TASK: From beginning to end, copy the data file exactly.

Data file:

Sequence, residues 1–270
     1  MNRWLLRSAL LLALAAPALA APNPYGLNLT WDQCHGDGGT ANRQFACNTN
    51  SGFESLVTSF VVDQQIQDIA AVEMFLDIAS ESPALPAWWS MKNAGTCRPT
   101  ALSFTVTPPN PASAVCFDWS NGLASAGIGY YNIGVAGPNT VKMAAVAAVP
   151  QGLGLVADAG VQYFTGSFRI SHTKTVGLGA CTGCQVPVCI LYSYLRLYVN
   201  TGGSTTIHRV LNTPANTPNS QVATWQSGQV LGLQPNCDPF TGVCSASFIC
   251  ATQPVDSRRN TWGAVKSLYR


Sequence, residues 1–270
     1  MNRWLLRSAL LLALAAPALA APNPYGLNLT WDQCHGDGGT ANRQFACNTN
    51  SGFESLVTSF VVDQQIQDIA AVEMFLDIAS ESPALPAWWS MKNAGTCRPT
   101  ALSFTVTPPN PASAVCFDWS NGLASAGIGY YNIGVAGPNT VKMAAVAAVP
   151  QGLGLVADAG VQYFTGSFRI SHTKTVGLGA CTGCQVPVCI LYSYLRLYVN
   201  TGGSTTIHRV LNTPANTPNS QVATWQSGQV LGLQPNCDPF TGVCSASFIC
   251  ATQPVDSRRN TWGAVKSLYR